Over the past 10 years, many excellent books for children have been written about the 9-11 terrorist attacks. These books look at this unforgettable tragedy from a variety of fascinating perspectives.
by Jeanette Winter
Farrar, Straus and Giroux, 2004
Never miss a local story.
For ages 6-9
Based on a true story, this picture book gives readers a sense of how people came together after 9-11. After the attacks, many people made makeshift shrines in New York's Union Square, and author Jeanette Winter visited to pay her respects and be with others who had witnessed the events. There she saw a beautiful display of roses making an outline of the two towers. The display was made by two sisters from Africa who came to New York for a flower show. They had been working for a long time on their roses and designs and came to New York with 2,400 roses ready for show, but when they got to New York, the attacks happened, and their show was canceled. So their roses found a home in Union Square.
Winter's sweet cursive handwriting and line drawings give the book a calm feel. The illustrations of the shrines are especially beautiful, as the only color is that of the sisters' roses.
An author's note is included at the beginning and end of the book telling how she came to know the story of the roses.
14 Cows for America
by Carmen Agra Deedy;
illustrated by Thomas Gonzalez
Peachtree Publishers, 2009
For ages 8-12
This beautiful picture book tells the true story of a Kenyan student living in America on Sept. 11, 2001. Months later, Kimeli travels home and tells his Maasai village about the terrible tragedy he witnessed. Like Kimeli, his tribe is overwhelmed with emotion for people they have never met. The tribe decides to offer 14 sacred cows as a sacrifice to the American people. The cows would not be slaughtered but tended as a special herd in the Maasai village.
Illustrations done in pastels, colored pencil and airbrush capture the beauty of the African landscape as well as the heartfelt emotion of the Maasai people. Children will enjoy seeing the Maasai in their everyday clothes as well as the illustrations of the ceremonial costumes and headdresses.
A note from Kimeli is included at the end of the book. He includes a brief biography of his childhood and how he came to America to study medicine. Kimeli also recounts how significant both the cow and the act of sacrifice are to his people. This is a great story that teaches compassion and goodwill toward others.
September 11, 2001: Attack on New York City
By Wilborn Hampton
Candlewick Press, 2003
For ages 10 and up
This book gives the real-life accounts of several people who experienced the World Trade Center attacks. Included are accounts from ordinary citizens of New York, including those of a blind man who worked in the World Trade Center, the author himself and the firefighters who helped evacuate workers.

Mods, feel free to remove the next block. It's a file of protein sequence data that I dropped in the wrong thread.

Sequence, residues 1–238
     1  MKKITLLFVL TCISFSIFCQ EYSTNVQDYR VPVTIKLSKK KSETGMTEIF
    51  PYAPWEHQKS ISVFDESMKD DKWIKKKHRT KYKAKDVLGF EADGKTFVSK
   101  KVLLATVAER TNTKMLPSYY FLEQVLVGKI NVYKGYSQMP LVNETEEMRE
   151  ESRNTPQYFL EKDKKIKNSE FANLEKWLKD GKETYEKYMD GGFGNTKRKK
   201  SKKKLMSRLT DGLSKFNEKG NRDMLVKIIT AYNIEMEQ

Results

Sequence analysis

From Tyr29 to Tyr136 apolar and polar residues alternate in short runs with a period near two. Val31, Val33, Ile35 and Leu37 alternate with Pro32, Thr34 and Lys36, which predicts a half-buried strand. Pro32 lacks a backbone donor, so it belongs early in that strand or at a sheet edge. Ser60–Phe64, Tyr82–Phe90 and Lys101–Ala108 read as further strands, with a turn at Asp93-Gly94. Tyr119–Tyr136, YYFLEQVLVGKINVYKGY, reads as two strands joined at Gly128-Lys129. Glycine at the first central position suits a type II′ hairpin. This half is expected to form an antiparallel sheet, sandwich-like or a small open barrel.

Other narratives include those of President George W. Bush, New York Mayor Rudy Giuliani and Mohamed Atta, one of the hijackers. Information is also given about Osama Bin Laden and al Queda. Black and white photographs illustrate the destruction in New York. An epilogue summarizes what happened after, including cleanup, recovery, military actions involving Afghanistan and the first anniversary.
These stories are both triumphant and tragic, and readers will get a real sense of what happened on that day.
Shine, Coconut Moon
By Neesha Meminger
Margaret K. McElderry
Samar has grown up with only her mother, never meeting her extensive Indian-American family. She thinks her American way of life is just fine the way it is until, just days after Sept. 11, her uncle comes to her and her mother make amends. Before this meeting, Samar knew little of her family's culture and heritage and is surprised that she feels a new sense of family and a need to learn about her past.
As she is discovering her heritage, she is shocked to experience subtle discrimination and prejudice, and when her uncle is harassed and called "Osama," she is more determined than ever to embrace the beauty of her culture.
Readers will enjoy this coming-of-age novel and understand the typical teenage emotions Samar also deals with -- friends, first love, etc. The story serves as a great example of perceptions and identities.
Love Is the Higher Law
By David Levithan
Alfred A. Knopf, 2009
Told in alternating voices, we hear the stories of New York teens Jasper, Claire and Peter starting on Sept. 11, 2001, and following them until the first anniversary of the terrorist attacks. On the day, Claire lives 10 blocks from the World Trade Center and is not allowed back to her house for a week. Jasper's parents become stranded in Korea visiting family. When the attacks happen, Peter is standing in line at the record store waiting to buy a CD.
The book contains adult themes: One of the characters is denied permission to give blood because he is gay. But the book's personal touches will help readers experience the day firsthand. For example, Jasper finds corporate paperwork from the towers that blew over New York after the planes hit. He says: "Picking them up and reading them, I felt a sadness so deep that it will never be gone."
This is an interesting look at the attacks from a local point of view. The author describes in a note at the end of the book that he is from New York and watched the tragedy from his office's rooftop, and how he gave the characters some of his own personal experiences.
Lisa Smant is assistant manager in the Youth Center at the downtown Fort Worth Public Library. Look for these books at your local library.